The overall purpose of this paper is to combine optical and electrical recordings. Based on preliminary analyses of individual averaged waveforms, we consider the average variations in [HbO2], [HHb] and VEPrms that occur during stimuli and their correlation.
Filtered NIRS signals are considered to evaluate the variations of [HbO2] and [HHb] due to visual stimuli. The signal variation observed during each stimulation is calculated as the difference of the average signal during the stimulus and the average baseline recorded during the rest period. The variations observed during the four epochs were then averaged to obtain 〈Δ[HbO2]〉 and 〈Δ[HHb]〉 for each subject.
The EEG variations due to stimulus response is very small, has a poor signal-to noise ratio and cannot be directly extracted and measured from the EEG signal. This happens at every contrast value, so an averaging technique is required to record a reliable VEP. A 60-second stimulation at 8 Hz produces about 400 epochs to be averaged if an "amplitude window" is applied to the EEG signal in order to discard epochs containing excessively large amplitude variations.
All the averaged signals showed reliable trends and good signal-to-noise ratio, and they were accepted for the statistical analysis, allowing the VEPrms calculation for each stimulus.
The mean pooled hemodynamic variations for each stimulus contrast, averaged over observers, are shown in Figure 8. The standard errors are bounded by 0.15 μM and 0.34 μM for 〈Δ[HbO2]〉 and 0.04 μM and 0.06 μM for 〈Δ[HHb]〉. As shown in the figure, a logarithmic trend of hemodynamic response as a function of stimulus contrast is observed. Strong linear correlation (R = 0.998 and 0.997 for 〈Δ[HbO2]〉 and 〈Δ[HHb]〉, respectively) is found between 〈Δ[HbO2]〉 and 〈Δ[HHb]〉 changes and the logarithm of contrast.
Figure 9 shows the mean electrical signal detected 〈 VEPrms〉 for each stimulus contrast, averaged over observers. The standard errors are bounded by 0.18 μV and 0.20 μV. Also in this case we observed a strong linear correlation (R = 0.994) between 〈 VEPrms〉 and the logarithm of contrast.
There was a linear relationship between hemodynamic response and VEP response during graded visual stimulation: indeed, strong linear correlation was found between 〈Δ[HHb]〉 and 〈 VEPrms〉, as shown in Figure 10 (R = 0.988 and 0.984 for and 〈Δ[HHb]〉, respectively).
Even if the number of subjects is not sufficient to run statistical analysis, the small intrasubject standard deviation suggests that all subjects might have, in the visual cortex, roughly a similar electrical and hemodynamic response to the windmill pattern stimulation.
Neither NIRS nor electrical response is a linear function of contrast, but both increase monotonically with stimulus contrast. A "logarithmic" type of nonlinearity is evident for both the responses. Our study investigated simultaneous effects of visual contrast on hemodynamic and VEP responses. We found a strong correlation between visual log contrast and NIRS signals as well as between log visual contrast and VEP. To our knowledge, the present study is the first to address the issue of simultaneous assessment of NIRS and VEP during graded contrast visual stimulus. Nevertheless, our results are consistent with other studies, which have explored the effect of visual contrast on VEP [21,29,30]. The 'logarithmic' hemodynamic response that we observed is also in agreement with previous studies using Doppler  and fMRI BOLD .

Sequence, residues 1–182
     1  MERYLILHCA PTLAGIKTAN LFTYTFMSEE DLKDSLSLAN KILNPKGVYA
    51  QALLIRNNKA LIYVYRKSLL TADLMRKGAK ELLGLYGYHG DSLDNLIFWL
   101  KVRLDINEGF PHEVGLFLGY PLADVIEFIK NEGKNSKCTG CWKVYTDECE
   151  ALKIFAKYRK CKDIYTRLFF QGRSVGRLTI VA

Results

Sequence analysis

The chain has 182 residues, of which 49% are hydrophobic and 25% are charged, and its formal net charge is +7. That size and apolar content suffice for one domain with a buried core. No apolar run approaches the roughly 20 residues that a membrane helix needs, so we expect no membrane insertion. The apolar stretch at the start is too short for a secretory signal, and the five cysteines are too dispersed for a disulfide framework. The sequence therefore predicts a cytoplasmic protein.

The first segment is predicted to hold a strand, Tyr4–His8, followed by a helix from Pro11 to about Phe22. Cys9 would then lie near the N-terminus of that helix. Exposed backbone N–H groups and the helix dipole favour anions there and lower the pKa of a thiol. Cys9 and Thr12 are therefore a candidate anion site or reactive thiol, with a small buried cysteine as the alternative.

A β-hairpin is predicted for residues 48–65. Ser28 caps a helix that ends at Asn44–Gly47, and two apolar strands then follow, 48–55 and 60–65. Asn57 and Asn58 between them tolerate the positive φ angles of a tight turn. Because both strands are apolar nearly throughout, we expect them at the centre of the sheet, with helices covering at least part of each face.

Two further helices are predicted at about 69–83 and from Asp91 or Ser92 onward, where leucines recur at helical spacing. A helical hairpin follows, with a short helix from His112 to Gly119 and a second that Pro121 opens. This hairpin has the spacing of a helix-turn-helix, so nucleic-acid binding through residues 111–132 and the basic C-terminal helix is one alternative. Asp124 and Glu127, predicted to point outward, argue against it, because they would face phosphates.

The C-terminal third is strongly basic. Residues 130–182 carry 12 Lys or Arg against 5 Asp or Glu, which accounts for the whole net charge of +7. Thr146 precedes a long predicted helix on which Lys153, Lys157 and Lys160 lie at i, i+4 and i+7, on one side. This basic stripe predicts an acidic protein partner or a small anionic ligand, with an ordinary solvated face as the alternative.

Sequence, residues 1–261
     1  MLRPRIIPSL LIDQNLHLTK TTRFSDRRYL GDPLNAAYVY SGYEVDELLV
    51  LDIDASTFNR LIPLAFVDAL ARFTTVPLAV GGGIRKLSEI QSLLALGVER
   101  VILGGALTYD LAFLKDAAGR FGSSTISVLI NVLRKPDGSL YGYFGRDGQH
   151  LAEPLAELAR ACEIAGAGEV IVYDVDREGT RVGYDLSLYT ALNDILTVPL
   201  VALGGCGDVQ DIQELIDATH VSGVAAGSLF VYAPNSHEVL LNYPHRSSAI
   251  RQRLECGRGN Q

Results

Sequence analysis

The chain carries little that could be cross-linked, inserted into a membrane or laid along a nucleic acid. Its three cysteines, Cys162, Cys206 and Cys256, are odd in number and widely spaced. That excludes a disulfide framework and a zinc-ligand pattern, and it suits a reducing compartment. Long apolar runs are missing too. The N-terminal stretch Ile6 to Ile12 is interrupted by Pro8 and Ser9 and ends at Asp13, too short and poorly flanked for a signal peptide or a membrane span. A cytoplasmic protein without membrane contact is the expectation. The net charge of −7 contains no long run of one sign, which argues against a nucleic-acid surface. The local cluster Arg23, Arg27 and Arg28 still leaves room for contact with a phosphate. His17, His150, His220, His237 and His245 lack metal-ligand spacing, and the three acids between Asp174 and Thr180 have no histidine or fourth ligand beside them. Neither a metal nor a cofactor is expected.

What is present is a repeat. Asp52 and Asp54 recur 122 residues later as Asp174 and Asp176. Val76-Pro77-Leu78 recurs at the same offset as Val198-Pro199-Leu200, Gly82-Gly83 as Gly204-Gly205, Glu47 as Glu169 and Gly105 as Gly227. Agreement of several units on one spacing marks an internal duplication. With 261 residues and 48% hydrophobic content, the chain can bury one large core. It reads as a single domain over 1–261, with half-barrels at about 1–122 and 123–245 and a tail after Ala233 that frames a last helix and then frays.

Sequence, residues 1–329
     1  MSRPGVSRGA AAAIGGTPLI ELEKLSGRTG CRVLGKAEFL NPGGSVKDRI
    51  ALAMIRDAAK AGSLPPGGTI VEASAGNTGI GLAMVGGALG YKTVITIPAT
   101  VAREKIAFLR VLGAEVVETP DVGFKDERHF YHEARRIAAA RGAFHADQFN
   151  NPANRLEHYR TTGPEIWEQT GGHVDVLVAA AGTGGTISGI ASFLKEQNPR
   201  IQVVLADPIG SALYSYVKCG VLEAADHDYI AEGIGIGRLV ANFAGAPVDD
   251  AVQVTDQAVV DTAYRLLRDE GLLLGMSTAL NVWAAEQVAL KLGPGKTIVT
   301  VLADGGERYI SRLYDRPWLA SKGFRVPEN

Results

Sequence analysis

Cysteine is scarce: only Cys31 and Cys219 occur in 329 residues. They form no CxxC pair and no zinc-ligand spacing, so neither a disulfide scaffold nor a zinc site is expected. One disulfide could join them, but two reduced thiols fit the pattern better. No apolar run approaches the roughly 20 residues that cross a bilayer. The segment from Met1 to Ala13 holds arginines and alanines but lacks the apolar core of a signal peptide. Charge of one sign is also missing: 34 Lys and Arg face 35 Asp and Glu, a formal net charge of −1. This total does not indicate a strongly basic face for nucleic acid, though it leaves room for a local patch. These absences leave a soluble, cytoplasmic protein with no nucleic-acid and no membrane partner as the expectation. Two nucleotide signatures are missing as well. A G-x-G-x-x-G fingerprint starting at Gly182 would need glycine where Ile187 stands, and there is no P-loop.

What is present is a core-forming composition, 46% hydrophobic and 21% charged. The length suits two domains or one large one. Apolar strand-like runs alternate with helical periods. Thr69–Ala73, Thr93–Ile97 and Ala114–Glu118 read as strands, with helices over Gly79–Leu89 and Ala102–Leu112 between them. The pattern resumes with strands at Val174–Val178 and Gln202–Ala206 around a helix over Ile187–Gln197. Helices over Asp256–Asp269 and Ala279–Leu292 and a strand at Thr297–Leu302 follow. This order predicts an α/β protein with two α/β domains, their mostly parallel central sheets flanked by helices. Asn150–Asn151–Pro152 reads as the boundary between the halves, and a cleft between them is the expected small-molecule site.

It seems that both hemodynamics and VEP show saturation behaviour at high visual contrasts. This result is supported by animal studies of primary visual cortex neurons, which have shown that the contrast response function of spike rate responses has a sigmoidal shape. In general, neurons show an increasing response that is nonlinear at low contrasts, and a linear increase up to a certain contrast level at which the response reaches its asymptote [32-34].
Like the neural responses, fMRI BOLD signal was also found to be a nonlinear function of stimulus contrast ; however, a linear system analysis on the fMRI responses predicted a linear relationship between the hemodynamics and neural activity , as observed in our study.
LR and GS carried out all the optical measurement setup and drafted the manuscript; LB and SF provided the stimulation and electrical recording software. All the authors contributed to refining the paper's content and structure. SF took care of revision according to peer review and all authors read and approved the final manuscript.
The authors wish to thank Ing. M. Massari for his contribution during the experimental activities, Prof. R. Ferrari, Prof. G. P. Biral and Ing. M. Corradini for their valuable suggestions, and gratefully acknowledge the volunteers who gave consent to be involved and monitored during visual stimulations. Research partially supported by grant n.MM09163913_004 from MIUR, Italy.